I. Guaranteeing the necessary funding to cover the needs of SOCIAL PROTECTION, with the implementation of an integrated system of protection for the most vulnerable groups in times of COVID-19, which we called the « Basic Social Guarantees Program”. Our Social Protection Emergency COVID-19 Program, included in the Decree number 43/2020, was designed to respond and mitigate the social impact of the pandemic in the most vulnerable families in the country and is harmonized with the Social protection legislation drafted in 2018 and currently in process of approval and regulation. This program will be used as pilot to test the feasibility and applicability of a more integrated social protection system in Equatorial Guinea considering the current economic context that is now even more challenging with the emergence of COVID-19 pandemic.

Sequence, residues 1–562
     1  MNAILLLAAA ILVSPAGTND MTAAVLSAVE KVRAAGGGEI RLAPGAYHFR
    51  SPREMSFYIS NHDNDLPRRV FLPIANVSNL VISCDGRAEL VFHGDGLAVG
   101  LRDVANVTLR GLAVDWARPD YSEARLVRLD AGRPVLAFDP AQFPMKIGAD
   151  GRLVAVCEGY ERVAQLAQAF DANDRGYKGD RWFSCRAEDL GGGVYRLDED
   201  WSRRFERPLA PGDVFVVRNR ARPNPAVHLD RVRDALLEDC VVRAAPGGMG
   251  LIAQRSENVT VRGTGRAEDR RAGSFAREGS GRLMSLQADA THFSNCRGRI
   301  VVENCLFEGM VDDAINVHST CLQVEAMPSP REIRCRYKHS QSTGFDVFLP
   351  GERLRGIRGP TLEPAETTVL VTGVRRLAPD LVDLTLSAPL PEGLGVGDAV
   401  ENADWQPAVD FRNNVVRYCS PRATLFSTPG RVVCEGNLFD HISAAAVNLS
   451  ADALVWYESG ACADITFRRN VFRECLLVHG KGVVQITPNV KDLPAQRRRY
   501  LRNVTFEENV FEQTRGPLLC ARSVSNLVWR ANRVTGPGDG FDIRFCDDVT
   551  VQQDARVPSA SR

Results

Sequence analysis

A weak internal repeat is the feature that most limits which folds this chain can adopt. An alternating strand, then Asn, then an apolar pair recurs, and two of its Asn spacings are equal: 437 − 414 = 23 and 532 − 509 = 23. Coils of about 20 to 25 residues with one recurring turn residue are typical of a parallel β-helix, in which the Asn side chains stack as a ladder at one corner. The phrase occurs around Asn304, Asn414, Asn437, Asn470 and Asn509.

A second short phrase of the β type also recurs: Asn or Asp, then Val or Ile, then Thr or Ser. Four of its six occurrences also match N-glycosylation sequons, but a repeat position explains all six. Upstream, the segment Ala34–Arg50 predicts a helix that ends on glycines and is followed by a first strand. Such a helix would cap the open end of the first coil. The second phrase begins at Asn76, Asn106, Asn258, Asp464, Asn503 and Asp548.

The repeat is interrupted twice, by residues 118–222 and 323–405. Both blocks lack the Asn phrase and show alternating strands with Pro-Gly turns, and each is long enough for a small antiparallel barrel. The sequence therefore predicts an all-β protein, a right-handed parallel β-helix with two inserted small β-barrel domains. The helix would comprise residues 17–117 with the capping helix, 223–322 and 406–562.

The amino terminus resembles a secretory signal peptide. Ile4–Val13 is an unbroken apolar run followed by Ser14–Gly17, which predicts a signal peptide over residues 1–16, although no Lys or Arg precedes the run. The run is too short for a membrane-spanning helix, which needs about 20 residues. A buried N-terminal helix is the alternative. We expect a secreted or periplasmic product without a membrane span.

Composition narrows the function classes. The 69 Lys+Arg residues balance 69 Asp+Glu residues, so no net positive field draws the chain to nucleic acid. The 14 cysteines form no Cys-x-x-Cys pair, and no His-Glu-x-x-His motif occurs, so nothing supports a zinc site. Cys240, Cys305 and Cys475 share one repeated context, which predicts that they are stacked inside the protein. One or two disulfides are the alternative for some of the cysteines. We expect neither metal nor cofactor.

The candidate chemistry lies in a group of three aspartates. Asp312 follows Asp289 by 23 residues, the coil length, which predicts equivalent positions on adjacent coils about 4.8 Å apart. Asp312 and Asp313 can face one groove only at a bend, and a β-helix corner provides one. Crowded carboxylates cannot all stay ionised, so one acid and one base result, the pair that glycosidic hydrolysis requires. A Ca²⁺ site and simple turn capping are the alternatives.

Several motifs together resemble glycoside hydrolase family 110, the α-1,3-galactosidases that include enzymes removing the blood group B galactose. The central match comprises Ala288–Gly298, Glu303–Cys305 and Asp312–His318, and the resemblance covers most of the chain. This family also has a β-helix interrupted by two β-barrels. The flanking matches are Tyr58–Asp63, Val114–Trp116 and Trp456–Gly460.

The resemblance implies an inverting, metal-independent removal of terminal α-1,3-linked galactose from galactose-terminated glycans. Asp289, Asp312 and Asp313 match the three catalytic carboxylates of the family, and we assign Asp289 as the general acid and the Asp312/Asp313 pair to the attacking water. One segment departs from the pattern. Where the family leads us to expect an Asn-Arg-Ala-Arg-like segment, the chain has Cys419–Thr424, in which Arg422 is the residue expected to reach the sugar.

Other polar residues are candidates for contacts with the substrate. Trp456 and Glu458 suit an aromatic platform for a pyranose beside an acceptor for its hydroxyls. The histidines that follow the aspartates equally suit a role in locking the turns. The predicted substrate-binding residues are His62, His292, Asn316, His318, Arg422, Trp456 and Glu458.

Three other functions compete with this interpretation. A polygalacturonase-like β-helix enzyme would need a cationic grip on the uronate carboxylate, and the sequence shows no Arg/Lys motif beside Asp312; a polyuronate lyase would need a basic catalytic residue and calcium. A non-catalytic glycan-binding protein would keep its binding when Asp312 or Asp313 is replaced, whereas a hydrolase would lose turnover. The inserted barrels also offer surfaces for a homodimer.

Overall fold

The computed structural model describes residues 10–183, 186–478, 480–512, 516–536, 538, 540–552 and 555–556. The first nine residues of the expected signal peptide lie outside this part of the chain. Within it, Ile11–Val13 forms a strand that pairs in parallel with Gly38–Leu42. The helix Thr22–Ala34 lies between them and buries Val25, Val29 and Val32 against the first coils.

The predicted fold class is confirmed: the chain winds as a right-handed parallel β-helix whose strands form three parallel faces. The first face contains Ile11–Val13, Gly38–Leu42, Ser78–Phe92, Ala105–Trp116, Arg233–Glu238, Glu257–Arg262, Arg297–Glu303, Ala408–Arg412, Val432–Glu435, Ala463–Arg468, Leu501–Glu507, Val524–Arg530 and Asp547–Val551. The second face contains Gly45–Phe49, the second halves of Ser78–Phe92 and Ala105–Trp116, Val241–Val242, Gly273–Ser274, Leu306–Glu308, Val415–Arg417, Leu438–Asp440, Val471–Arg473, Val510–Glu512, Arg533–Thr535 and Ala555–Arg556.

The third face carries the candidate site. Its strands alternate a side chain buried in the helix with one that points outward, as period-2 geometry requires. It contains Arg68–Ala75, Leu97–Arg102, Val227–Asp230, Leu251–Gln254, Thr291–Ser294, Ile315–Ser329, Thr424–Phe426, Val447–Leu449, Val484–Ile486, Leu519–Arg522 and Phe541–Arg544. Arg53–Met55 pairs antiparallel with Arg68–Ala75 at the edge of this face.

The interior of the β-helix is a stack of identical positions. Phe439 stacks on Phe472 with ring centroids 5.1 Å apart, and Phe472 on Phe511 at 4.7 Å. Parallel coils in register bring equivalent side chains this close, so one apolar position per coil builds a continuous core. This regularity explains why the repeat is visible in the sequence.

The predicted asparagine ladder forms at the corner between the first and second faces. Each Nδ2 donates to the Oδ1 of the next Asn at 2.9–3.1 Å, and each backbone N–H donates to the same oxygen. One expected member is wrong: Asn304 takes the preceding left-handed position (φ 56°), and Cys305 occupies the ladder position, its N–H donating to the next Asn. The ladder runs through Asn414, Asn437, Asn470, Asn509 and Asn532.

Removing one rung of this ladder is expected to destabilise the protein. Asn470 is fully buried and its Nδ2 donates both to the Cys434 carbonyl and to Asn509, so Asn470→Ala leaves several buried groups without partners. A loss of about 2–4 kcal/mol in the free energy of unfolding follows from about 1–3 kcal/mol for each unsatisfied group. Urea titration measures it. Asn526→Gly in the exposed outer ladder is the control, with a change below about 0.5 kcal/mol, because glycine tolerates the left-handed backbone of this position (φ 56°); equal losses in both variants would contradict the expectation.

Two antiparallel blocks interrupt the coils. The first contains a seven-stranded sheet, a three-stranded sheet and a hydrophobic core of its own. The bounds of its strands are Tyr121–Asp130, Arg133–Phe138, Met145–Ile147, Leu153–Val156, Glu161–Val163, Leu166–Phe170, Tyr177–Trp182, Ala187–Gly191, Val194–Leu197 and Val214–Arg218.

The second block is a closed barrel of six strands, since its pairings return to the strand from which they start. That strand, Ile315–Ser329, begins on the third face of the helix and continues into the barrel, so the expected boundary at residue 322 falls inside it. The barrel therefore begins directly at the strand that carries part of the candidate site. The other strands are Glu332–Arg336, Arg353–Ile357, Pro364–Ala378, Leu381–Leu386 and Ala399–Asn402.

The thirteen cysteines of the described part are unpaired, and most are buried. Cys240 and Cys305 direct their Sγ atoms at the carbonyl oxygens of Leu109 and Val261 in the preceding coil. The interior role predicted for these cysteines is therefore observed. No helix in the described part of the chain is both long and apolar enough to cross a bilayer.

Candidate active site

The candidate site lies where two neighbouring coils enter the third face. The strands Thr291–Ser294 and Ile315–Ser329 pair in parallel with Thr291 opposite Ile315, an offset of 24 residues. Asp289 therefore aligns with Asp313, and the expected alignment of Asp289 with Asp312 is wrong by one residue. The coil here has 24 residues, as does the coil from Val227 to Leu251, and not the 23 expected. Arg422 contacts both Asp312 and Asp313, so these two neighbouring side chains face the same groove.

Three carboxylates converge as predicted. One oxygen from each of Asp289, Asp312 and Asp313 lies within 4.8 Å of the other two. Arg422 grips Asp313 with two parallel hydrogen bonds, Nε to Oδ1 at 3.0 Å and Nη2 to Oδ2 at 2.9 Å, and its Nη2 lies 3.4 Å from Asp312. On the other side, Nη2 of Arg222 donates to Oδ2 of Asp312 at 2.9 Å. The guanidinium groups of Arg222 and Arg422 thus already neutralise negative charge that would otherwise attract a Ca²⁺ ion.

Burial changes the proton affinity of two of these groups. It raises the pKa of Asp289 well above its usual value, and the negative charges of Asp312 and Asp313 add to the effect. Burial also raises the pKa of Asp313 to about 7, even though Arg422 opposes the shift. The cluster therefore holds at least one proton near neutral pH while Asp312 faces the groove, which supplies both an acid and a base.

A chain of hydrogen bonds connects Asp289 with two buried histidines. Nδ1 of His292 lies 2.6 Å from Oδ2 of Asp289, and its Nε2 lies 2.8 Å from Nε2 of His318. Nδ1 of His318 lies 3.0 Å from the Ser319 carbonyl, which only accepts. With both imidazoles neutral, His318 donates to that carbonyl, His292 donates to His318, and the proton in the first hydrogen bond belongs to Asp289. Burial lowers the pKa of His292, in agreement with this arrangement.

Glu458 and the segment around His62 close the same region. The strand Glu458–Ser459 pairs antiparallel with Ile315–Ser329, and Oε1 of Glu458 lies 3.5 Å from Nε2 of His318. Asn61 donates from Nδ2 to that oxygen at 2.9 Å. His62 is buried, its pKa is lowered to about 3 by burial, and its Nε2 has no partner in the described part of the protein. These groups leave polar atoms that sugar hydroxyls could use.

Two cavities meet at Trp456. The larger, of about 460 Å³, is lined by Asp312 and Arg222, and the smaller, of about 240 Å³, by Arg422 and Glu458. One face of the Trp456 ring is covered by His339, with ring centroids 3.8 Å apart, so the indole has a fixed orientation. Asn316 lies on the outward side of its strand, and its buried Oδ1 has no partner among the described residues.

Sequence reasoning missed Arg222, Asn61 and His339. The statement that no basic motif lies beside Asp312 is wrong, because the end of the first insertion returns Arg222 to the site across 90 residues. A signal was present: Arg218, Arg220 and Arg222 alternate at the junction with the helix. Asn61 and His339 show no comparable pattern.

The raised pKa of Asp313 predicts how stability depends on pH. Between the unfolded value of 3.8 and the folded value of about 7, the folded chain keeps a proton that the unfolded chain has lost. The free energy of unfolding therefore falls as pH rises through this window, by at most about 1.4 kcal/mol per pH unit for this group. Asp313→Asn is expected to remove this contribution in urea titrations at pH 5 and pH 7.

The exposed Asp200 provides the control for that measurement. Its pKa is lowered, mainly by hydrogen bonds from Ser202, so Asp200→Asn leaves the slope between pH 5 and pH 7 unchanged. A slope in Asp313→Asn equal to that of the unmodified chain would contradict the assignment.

II. Accelerating the implementation of necessary reforms in the area of economic governance, BUSINESS CLIMATE and ECONOMIC COMPETITIVENESS, with the recent adoption of the Automated Customs System (ASYCUDA WORLD) for the Customs Administration of Equatorial Guinea. This tool, will considerably reduce bureaucratic procedures from 20 procedures to only 8, impacting positively on the improvement of the business climate and economic competitiveness. We acknowledge the importance of the private sector for job creation and for the recovery effort. We have put in place liquidity facilities, refinancing and guarantee facilities to support the private sector.
III. Reducing the FINANCIAL SYSTEM STRESS and avoiding the contagion to other sectors, by accelerating the process of the regularization of the debt between the State and construction companies, fact that has been informed to all the internal creditors of the State and to the banks.